Some studies are fascinating and disconcerting at the same time… but at least they’re good for a smile!
In this paper by Ghareeb et al. the authors addressed the question whether a handshake or a fist bump is more effective in preventing or reducing pathogen transmission in the setting of a hospital, where most of us work of course. Unsurprisingly they found that using the fist bump instead of handshakes made skin contact 2.7 times shorter and this reduced spread of bacteria. They concluded that the fist bump is an effective alternative to the handshake in the hospital setting and that bumping might lead to decreased transmission of bacteria and improved health and safety of patients and health care workers alike.
So shall we all start bumping around the hospital?
We performed an observational study in our medium sized ICU in Galway (without approval of any committee and of course without any statistical evidence to be presented, actually just out of interest and for fun). We might also mention beforehand that working atmosphere in our unit is very good and nurses and doctors work very closely together.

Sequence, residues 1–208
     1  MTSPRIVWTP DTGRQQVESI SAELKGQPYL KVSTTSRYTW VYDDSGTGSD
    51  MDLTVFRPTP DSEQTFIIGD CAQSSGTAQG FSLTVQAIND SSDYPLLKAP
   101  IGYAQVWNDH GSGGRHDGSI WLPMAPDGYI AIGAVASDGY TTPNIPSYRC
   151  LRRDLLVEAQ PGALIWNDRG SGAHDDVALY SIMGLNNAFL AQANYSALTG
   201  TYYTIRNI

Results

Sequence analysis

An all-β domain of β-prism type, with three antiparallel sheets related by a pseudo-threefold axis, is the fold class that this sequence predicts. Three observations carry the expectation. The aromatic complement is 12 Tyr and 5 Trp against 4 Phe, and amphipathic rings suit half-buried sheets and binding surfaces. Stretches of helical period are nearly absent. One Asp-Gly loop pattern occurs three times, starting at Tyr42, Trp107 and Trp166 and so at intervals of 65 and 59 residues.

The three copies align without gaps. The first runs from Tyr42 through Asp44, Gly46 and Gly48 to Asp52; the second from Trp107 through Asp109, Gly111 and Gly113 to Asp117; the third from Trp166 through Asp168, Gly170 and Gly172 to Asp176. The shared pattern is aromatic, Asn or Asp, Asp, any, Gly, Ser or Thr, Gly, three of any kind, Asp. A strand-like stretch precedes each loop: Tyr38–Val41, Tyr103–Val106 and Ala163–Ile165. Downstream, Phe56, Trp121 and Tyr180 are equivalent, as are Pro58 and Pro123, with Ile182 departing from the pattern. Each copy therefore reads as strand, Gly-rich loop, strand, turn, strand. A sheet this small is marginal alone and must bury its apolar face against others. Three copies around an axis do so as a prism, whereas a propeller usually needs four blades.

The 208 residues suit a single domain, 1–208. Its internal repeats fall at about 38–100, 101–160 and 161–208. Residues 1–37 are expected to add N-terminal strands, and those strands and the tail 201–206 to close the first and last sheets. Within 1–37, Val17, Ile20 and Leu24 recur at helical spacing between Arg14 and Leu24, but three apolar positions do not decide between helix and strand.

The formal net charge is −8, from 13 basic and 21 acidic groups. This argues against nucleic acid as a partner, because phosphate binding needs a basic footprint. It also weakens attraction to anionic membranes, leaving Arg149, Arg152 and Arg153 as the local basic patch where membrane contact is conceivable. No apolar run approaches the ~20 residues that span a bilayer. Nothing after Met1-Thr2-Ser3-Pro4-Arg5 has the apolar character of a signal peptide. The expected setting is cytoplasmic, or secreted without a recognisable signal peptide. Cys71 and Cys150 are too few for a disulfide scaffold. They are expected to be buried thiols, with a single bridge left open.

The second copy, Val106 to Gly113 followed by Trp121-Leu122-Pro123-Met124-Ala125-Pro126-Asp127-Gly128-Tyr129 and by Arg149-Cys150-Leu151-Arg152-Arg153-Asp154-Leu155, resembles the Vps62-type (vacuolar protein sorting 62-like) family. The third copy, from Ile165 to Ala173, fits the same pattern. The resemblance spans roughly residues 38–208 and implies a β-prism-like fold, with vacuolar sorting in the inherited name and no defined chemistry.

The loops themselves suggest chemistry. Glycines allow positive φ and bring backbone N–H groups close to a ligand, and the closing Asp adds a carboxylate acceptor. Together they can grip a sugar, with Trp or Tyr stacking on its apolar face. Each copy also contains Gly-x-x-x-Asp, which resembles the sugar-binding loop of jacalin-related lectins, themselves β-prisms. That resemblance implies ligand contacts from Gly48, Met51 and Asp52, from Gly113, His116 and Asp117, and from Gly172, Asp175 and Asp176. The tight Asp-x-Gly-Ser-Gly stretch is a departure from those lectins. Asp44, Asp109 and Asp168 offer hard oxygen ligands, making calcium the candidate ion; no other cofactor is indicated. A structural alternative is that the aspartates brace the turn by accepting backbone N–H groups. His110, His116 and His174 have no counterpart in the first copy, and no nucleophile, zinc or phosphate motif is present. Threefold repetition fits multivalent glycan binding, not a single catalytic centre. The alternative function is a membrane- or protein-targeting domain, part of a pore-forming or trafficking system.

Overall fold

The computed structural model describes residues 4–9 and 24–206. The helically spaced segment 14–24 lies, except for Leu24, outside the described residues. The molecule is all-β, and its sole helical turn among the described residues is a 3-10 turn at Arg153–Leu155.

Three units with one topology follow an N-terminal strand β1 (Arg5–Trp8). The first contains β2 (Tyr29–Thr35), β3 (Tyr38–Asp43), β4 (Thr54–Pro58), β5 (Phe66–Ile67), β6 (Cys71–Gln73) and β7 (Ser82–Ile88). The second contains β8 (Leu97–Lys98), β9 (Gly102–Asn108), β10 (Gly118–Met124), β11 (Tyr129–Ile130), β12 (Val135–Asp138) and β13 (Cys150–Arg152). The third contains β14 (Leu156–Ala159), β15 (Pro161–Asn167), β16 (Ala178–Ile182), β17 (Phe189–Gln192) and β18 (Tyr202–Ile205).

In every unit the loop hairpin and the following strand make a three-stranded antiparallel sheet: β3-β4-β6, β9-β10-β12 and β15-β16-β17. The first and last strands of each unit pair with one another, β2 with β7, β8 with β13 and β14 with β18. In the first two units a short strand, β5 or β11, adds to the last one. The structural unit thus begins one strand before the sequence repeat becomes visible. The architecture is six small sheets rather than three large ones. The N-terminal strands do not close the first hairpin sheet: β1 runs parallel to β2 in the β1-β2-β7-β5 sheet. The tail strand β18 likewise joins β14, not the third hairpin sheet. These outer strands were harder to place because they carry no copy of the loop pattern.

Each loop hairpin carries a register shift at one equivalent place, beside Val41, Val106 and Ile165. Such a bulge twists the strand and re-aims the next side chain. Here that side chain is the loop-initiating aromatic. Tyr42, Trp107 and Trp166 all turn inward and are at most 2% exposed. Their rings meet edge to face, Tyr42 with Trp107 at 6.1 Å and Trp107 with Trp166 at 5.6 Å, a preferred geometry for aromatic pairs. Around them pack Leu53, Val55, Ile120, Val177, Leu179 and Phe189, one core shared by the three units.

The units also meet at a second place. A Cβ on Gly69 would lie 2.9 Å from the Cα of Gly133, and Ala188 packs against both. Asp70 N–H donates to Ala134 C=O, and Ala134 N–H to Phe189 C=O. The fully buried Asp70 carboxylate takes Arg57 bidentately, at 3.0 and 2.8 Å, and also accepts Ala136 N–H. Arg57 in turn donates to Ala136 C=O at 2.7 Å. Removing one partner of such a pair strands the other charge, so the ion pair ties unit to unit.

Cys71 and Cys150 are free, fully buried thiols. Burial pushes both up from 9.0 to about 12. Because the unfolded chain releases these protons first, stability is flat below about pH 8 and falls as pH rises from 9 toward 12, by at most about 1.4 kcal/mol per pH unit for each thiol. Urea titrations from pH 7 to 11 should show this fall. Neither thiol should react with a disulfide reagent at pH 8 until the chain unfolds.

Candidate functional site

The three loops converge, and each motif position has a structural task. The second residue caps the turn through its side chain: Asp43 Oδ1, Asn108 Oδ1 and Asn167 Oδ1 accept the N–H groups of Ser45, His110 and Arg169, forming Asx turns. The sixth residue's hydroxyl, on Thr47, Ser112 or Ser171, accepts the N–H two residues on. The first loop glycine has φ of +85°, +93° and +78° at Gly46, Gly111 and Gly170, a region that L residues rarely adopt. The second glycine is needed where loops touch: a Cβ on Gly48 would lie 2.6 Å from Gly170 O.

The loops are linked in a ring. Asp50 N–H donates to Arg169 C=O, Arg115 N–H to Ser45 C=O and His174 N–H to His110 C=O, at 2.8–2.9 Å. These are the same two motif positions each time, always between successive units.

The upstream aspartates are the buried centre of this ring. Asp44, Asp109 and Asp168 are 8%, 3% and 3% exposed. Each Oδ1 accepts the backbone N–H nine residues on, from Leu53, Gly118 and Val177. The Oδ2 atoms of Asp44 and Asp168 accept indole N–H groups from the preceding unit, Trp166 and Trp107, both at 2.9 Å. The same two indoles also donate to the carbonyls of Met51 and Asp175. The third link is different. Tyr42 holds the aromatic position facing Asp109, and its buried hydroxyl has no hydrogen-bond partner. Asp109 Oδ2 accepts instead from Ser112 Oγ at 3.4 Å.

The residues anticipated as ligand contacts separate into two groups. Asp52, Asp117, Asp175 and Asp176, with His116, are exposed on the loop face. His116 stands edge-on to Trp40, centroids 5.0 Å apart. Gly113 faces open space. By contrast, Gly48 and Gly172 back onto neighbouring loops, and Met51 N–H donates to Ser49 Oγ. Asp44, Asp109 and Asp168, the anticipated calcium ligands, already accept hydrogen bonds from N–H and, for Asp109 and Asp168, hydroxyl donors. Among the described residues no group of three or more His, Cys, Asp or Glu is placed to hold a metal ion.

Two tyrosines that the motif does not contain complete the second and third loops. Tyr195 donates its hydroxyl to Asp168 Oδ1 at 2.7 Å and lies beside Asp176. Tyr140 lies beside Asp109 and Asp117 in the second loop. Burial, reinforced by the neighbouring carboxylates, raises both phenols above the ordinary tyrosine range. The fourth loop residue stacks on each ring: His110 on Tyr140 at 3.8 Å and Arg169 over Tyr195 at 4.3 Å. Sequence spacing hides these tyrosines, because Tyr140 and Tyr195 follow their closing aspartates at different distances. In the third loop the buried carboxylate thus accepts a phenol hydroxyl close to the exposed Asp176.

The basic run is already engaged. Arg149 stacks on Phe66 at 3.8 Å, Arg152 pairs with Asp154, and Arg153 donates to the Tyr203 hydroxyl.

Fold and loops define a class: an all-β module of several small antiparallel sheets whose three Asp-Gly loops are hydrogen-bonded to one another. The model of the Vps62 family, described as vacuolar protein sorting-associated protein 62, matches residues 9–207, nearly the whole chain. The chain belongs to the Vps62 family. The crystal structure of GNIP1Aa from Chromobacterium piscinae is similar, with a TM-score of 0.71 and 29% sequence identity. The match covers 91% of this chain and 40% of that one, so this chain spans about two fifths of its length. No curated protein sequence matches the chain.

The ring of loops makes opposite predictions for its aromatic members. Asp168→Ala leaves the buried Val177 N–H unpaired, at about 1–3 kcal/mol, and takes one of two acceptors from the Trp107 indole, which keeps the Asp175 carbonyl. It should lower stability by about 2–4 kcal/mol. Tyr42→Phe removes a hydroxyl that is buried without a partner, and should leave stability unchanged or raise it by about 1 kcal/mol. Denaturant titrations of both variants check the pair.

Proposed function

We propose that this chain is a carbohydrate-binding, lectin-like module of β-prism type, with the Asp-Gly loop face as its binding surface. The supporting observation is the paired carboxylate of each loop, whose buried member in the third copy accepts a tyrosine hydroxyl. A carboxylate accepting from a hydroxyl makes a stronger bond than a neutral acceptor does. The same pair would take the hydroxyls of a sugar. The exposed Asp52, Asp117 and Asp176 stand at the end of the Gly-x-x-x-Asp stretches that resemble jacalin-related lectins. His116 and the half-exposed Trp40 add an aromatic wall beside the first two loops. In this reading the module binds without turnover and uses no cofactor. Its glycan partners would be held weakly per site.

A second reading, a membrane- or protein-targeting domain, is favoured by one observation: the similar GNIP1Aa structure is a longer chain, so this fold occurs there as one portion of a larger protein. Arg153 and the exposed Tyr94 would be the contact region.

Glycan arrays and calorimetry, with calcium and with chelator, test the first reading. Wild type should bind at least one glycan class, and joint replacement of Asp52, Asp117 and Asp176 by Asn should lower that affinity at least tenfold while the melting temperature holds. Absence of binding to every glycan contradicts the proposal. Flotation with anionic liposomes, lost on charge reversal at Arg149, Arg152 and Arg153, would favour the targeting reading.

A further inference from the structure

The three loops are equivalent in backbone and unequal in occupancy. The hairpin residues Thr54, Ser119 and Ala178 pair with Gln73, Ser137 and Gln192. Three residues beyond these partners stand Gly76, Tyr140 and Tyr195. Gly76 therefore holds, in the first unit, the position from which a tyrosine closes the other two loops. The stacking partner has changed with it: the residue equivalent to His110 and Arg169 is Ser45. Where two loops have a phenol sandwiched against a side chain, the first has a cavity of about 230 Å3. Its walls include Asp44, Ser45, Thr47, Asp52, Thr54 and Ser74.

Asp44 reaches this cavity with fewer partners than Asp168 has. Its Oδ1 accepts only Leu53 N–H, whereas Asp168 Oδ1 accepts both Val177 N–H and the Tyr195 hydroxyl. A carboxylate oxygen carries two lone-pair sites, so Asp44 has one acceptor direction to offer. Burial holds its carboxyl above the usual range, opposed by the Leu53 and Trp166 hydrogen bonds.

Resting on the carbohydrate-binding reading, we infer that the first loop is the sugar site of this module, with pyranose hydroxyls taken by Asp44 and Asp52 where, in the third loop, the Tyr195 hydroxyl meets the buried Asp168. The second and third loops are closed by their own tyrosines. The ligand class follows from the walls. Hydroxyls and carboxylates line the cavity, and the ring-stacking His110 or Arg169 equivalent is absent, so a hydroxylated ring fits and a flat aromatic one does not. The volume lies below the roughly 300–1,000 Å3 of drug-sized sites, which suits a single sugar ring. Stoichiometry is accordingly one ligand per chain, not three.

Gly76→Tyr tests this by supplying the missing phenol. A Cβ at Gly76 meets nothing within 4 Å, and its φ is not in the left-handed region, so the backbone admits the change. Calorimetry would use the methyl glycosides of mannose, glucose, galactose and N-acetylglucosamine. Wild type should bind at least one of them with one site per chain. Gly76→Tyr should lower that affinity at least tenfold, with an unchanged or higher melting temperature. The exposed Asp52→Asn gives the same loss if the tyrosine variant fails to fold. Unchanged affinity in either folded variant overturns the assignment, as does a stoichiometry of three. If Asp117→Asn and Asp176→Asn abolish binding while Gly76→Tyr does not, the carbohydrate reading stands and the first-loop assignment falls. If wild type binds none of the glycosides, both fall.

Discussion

Interestingly, neither nursing staff nor doctors shake hands when they meet and greet each other in the ICU. The only occasions handshakes were observed are when relatives are met for a discussion or a representative of some company comes in for a visit.
In regards of the study mentioned above I have some serious concerns: I wonder how many health care professionals out there would welcome a family fist bumping that has come in to discuss an end-of-life issue for instance. Also when representing the unit towards someone outside of hospital a fist bump carries some substantial risk of giving a very unprofessional impression… at least in Europe! And in very few occasions also a warm hug will be irreplaceable by some awkward bump. Social behavior is also a way on communicating… and anyhow, who pays for such studies?
Picture displayed above is taken from the New York Times